Robert Middlekauff’s The Glorious Cause: The American Revolution, 1763-1789 left me scratching my head for at least three reasons. First, it’s a long book, and Middlekauff had me wondering a few times how I was going to finish the book without putting my yearly schedule behind (again). More importantly, he leaves out strange information, as if he’s merely organizing a review outline for readers who already know everything. There are no strategic maps, for instance. He might just casually mention that the British troops are headed toward Ninety-Six, as if (a) I know that Ninety-Six is a town, (b) I know where that town is, and (c) I know why any army would want to march there. Curiously and to my great confusion on at least two occasions, he refers to a subordinate officer named James Washington by last name only. (At least I think it was James: I can’t remember since the author didn’t use his first name often enough!) A reference to “Washington” in a book about the American Revolution raises exactly one monumental figure in any reader’s mind, and any other officer unfortunate enough, historiographically speaking, to share that surname should find compensation in having his first name constantly in attendance on his last. And he dismisses Benedict Arnold’s treason, surely an important part of the story of the Revolution, to a subordinate clause: “Arnold, who had defected to the British . . . .”

But the biggest head-scratcher is that this volume in the Oxford History of the United States accepts unquestionably the epithet “Glorious Cause,” a phrase used by Washington (you know which one!) in accepting the leadership of the Continental Army. Loyalists simply could not see the “inevitable conclusion,” Middlekauff states without nuance, that Britain’s policies were intolerably destructive of liberty. My response: if taxation without representation makes subjects into slaves, then the District of Columbia is full of slaves. Well, OK, I actually sort of believe that that’s in fact the state of DC. But their condition is not intolerable to the point that those citizens have been driven to any “inevitable conclusion” of rebelling against the national government that operates in their city. Loyalists, then, were not so blind as Middlekauff would make them. And yet he offers nothing from diaries, correspondence, or journalism that might help the reader examine the motives of those who stayed true to their King.

I set up my calendar this year so that I would read another account of the American Revolution just after finishing Glorious Cause, the second being the fictional presentation by Kenneth Roberts called Rabble in Arms. Roberts’s view of the complicated struggle is much more to my taste. Here are good people tainted with evil spots and rotters with redeeming qualities. Here are the weak American generals and the mercenary militiamen and the Continental soldiers who have doubts about any cause other than protecting their homes and plenty of law-abiding Americans who just sit on the fence because they don’t want their children to be hanged as traitors by whichever side wins. In other words, this is a story about realistic human beings trying their best to make their way through a crazy world. Roberts believed in liberty as much as the next American, but he had no illusions that those who fought on the side of Independence all marched with a vision of the Glorious Cause before their eyes while the British could only field inept generals who tortured their captives every chance they got.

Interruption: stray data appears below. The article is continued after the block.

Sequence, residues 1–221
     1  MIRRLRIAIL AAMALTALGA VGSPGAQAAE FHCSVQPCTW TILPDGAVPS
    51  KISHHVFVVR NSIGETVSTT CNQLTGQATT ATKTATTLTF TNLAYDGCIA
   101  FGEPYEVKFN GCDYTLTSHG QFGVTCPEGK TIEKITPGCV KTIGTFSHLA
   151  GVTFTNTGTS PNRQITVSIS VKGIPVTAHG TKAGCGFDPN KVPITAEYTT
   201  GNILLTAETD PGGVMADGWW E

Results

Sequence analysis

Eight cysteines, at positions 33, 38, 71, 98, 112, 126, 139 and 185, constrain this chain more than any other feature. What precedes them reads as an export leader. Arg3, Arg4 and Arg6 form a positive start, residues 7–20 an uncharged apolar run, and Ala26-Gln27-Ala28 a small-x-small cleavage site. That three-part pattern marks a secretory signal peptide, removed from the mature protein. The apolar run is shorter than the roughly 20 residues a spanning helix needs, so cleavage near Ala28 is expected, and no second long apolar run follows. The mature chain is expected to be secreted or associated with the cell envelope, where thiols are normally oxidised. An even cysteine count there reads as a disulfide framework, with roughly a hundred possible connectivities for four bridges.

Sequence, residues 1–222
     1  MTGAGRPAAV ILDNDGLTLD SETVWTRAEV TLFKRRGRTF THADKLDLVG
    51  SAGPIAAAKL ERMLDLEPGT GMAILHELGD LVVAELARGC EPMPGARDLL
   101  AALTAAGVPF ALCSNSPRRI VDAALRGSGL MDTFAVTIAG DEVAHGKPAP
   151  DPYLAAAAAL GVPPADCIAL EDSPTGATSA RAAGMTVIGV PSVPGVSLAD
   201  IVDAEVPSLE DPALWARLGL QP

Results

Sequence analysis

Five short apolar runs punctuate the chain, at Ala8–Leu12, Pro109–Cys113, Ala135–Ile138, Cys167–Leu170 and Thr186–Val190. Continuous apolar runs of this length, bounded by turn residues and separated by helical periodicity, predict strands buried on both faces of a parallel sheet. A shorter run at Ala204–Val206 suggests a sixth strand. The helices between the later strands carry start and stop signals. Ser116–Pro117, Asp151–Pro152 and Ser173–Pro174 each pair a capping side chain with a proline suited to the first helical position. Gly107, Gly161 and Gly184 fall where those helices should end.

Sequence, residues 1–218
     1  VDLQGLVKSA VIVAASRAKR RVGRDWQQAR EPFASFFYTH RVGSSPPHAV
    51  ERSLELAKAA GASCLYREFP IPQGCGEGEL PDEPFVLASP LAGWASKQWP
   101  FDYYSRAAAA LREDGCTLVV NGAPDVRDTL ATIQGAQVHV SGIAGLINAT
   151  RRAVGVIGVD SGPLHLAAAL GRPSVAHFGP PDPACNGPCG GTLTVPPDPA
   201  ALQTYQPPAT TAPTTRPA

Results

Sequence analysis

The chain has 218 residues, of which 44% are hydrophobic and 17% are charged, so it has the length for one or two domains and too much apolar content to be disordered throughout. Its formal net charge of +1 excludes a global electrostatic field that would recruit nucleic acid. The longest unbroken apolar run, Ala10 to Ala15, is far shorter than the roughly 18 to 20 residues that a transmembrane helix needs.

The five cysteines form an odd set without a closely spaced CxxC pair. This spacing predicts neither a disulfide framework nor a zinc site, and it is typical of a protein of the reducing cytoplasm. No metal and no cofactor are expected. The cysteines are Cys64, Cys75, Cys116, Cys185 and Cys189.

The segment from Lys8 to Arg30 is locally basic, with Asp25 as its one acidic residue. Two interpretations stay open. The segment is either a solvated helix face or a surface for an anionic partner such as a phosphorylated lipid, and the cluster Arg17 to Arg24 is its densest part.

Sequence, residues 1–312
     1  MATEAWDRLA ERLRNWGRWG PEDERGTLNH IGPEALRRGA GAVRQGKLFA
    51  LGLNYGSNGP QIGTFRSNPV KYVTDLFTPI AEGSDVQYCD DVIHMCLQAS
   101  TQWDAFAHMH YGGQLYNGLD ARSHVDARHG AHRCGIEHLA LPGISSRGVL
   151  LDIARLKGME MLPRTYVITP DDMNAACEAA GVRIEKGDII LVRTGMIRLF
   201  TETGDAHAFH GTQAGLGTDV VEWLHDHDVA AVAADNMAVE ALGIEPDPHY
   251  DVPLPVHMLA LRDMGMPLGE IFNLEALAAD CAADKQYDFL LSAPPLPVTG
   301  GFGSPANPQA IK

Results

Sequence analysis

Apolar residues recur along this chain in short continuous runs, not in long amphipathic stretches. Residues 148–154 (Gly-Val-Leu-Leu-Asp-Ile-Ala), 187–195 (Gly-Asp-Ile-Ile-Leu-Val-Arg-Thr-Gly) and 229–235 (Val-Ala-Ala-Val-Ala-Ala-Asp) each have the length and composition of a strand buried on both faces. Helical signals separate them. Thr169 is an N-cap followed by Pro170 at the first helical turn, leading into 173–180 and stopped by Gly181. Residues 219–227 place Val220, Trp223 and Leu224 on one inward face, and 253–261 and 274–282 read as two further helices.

And Roberts has the courage to portray Benedict Arnold, before changing sides, as a great and heroic leader whose actions on Lake Champlain in 1776 probably saved the Glorious Cause for “Patriots” like General Horatio Gates, who literally ran away after losing a battle somewhere in the Carolinas (close to Ninety-Six, for all I know). Arnold’s name is synonymous with “traitor.” He is considered such a pariah that Middlekauff only follows a long tradition of minimizing his presence in history books. But surely we’re past an American historiography that must avoid Arnold’s name like the Tetragrammaton. Ours is a nation conceived in liberty and dedicated to the proposition that all men are created equal. But the Conceivers and Dedicators were humans, not angels, and they didn’t enjoy a monopoly on liberty. From Oxford Press, I expected a history that let people be people, with both nobility and baseness shared all around, engaged in a conflict with not just two sides – the Right and the Wrong. But I had to turn to fiction for the vision I wanted. And now I’ll just have to hope for better things from the next volume in the Oxford series: Gordon Wood’s Empire of Liberty.

Monday, October 15, 2018

Dante, Charles Williams, and Echoes of the City

When I first read Charles Williams’s Many Dimensions, it immediately became one of my favorite books. (It remains high on my list and has grown with each rereading.) So, like all readers discovering a new favorite author, I looked at the other titles by Williams with great hope. Now, hope usually sets one up for disappointment. (I waited fifteen years to find out that young Obi-Wan needs to negotiate with a Trade Federation?!) But when I turned to other Charles Williams books, I mostly just experienced confusion. The little bits I understood, I enjoyed. But what to make of visions of masses of hands? Women who are also local hills?